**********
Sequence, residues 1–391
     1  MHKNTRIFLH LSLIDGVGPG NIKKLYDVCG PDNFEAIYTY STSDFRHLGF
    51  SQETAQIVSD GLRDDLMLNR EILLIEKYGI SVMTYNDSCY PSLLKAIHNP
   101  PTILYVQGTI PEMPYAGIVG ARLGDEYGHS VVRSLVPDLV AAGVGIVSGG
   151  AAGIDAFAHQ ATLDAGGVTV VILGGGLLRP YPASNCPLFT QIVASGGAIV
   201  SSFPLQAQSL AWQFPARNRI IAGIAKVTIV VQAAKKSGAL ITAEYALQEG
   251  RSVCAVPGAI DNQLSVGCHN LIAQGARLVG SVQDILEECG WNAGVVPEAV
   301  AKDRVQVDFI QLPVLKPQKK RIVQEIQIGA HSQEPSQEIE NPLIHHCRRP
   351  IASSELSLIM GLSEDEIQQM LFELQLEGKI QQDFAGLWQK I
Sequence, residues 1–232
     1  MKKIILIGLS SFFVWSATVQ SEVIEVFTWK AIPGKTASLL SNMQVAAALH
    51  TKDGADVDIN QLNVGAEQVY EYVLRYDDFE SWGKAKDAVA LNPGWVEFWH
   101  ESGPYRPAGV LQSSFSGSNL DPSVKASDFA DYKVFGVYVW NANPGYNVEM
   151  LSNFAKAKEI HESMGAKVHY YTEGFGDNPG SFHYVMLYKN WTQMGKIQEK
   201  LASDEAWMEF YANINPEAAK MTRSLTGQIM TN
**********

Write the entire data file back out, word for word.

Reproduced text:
Sequence, residues 1–391
     1  MHKNTRIFLH LSLIDGVGPG NIKKLYDVCG PDNFEAIYTY STSDFRHLGF
    51  SQETAQIVSD GLRDDLMLNR EILLIEKYGI SVMTYNDSCY PSLLKAIHNP
   101  PTILYVQGTI PEMPYAGIVG ARLGDEYGHS VVRSLVPDLV AAGVGIVSGG
   151  AAGIDAFAHQ ATLDAGGVTV VILGGGLLRP YPASNCPLFT QIVASGGAIV
   201  SSFPLQAQSL AWQFPARNRI IAGIAKVTIV VQAAKKSGAL ITAEYALQEG
   251  RSVCAVPGAI DNQLSVGCHN LIAQGARLVG SVQDILEECG WNAGVVPEAV
   301  AKDRVQVDFI QLPVLKPQKK RIVQEIQIGA HSQEPSQEIE NPLIHHCRRP
   351  IASSELSLIM GLSEDEIQQM LFELQLEGKI QQDFAGLWQK I
Sequence, residues 1–232
     1  MKKIILIGLS SFFVWSATVQ SEVIEVFTWK AIPGKTASLL SNMQVAAALH
    51  TKDGADVDIN QLNVGAEQVY EYVLRYDDFE SWGKAKDAVA LNPGWVEFWH
   101  ESGPYRPAGV LQSSFSGSNL DPSVKASDFA DYKVFGVYVW NANPGYNVEM
   151  LSNFAKAKEI HESMGAKVHY YTEGFGDNPG SFHYVMLYKN WTQMGKIQEK
   201  LASDEAWMEF YANINPEAAK MTRSLTGQIM TN